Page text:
The most perfect bike I can think of for all these considerations is a Moto Guzzi V50. Nice size and power for YOUR size and power- plus a shaft drive for all the desert abuse it's going to get. With all that riding in the rain, you won't have to worry about lubing the chain, either.
Unfortuately, finding one for sale is not ideal.

There's a tie for 2nd; Suzuki Savage and/or BMW R65.
The Savage will be lower and lighter, but the R65 will gooo allll dayyyy averaging 70mph- no problem. I also think the R65 is more versatile for tying down tents, bags, flame throwers, groceries, bushels of peyote, TP, make-up, wigs, and the usual staples that a stay at Burning man requires.

All of the above are shaft drive and easy to maintain.

IMO, the Harley 883 is a terrific bike, but I consider it more of a day-tour and commuter kind of rig. Great for around town and loops through the countryside for an afternoon, but I just don't think the ergos and seat are great fot a cross-country ride. You might be able to get it there, but it doesn't sound like you have the money it would take to do it.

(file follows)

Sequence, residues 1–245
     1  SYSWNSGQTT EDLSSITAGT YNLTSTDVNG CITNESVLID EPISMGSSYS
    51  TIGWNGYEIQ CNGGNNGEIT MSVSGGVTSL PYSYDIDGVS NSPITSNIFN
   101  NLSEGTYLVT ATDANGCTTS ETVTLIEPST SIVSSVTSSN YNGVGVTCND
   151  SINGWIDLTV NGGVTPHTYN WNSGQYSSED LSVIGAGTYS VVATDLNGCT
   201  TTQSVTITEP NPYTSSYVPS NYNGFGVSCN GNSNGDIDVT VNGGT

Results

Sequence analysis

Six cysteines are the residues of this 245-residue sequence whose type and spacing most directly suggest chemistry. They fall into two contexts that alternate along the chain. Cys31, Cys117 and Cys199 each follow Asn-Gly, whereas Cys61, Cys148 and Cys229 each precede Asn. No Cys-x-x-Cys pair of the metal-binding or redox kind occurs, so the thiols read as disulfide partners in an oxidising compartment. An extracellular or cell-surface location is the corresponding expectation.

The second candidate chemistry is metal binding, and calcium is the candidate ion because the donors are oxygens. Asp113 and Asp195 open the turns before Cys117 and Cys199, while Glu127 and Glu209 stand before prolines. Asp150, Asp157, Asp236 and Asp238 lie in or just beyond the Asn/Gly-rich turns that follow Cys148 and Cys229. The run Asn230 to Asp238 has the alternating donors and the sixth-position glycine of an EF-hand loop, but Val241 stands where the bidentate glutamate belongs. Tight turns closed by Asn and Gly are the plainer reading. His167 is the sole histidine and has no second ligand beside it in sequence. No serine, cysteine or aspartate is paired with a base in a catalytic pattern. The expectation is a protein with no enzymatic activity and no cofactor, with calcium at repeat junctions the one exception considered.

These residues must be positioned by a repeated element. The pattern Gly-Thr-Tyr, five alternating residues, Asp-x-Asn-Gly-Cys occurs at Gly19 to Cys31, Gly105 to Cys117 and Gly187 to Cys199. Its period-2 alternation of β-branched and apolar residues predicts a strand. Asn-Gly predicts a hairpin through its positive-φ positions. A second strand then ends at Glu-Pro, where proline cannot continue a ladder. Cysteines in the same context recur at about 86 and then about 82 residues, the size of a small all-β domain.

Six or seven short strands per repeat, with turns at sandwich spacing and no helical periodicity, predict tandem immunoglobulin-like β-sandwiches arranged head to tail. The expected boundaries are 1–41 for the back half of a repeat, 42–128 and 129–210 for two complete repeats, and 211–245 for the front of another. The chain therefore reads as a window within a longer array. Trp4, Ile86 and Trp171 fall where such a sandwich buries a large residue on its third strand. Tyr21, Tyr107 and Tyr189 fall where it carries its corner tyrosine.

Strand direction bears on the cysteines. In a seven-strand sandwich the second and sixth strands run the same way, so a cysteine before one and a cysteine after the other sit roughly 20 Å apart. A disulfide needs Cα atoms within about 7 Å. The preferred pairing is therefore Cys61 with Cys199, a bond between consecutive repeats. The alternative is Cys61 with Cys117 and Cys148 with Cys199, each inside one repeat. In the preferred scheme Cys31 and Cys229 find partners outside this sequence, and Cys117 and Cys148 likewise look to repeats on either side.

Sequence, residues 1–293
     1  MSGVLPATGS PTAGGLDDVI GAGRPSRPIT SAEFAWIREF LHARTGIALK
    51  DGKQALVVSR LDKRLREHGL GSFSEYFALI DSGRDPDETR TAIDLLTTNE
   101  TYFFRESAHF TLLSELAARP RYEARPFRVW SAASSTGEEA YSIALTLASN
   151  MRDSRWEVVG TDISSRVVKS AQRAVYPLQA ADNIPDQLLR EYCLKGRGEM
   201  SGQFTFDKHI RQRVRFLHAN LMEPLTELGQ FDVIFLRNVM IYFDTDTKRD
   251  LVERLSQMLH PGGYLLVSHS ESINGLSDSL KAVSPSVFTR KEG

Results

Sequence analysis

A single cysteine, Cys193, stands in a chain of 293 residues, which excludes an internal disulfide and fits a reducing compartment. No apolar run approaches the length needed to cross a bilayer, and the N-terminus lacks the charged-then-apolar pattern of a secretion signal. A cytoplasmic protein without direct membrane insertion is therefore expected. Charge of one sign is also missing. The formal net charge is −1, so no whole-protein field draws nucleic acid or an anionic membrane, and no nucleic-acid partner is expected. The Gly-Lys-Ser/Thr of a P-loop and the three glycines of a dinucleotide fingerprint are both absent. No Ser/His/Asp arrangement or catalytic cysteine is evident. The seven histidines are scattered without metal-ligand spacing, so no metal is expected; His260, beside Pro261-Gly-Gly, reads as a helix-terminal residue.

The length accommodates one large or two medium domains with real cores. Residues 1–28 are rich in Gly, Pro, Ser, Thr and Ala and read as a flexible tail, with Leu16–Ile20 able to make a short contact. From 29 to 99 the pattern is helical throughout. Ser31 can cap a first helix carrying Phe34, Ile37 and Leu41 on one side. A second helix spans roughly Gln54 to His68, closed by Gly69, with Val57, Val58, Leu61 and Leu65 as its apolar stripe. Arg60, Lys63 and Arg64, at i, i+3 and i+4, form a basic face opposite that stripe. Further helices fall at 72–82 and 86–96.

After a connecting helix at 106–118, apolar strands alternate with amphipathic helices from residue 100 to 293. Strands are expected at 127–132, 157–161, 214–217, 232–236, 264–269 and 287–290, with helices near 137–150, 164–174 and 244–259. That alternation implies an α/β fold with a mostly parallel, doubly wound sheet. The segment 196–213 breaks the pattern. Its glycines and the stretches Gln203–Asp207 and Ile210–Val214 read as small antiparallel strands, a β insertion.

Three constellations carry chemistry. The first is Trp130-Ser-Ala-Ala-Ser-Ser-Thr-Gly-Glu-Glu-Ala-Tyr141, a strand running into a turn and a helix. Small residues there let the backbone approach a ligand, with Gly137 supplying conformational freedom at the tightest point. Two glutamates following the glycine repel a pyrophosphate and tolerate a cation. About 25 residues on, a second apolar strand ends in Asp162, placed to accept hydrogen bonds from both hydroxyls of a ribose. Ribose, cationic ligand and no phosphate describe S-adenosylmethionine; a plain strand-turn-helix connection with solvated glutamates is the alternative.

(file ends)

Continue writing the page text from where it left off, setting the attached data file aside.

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First off Harley's shake like no tomorrow and there heavy as hell.
Just got my first bike the other day. mines an 86 honda shadow vt700. it's a nice size bike and its light as a feather to me. granted I'm 6'3'' 125 pounds so I'm a skinny dude. and I have heard nothing but good things about the shadows. My father got a 2002 HD Sportster 900 converted to a 1100 a few days before i got my honda he's your build a little muscular and tipped it over in the yard because of the weight. So I stand behind shadows somewhere from 700 to 900 for a first time rider.
Off topic question, what is with the name? I am assuming you are in the USA, would you like to live somewhere else?
 

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Bub, I do have to ask that, before you give advice, please TRY to have SOME knowledge of what you are saying.


Ok, I am TRYING to figure out how it is that Harley's "shake like no tomorrow." Yes, I'll admit that I am usually one of the first to rag on a Harley Davidson (mainly because I have quite a few Harley riding friends who claim their bikes to be the best bikes they have ever owned lol) but I also have to be honest and say that Harley Davidson makes some pretty damn good bikes. The only ones that had real problems was the ones from the AMF days. One thing about them... they DO vibe more than a shadow would, but it is not as bad as many here would have you believe. As to them being "heavy as hell," The Sportster weighs less than 50lbs more than a Shadow 750, and actually weighs in less than an 1100 Shadow. The only reason a Sportster feels "heavy" is because it is top heavy, as compared to a Shadow, which has it's center mass a good deal lower.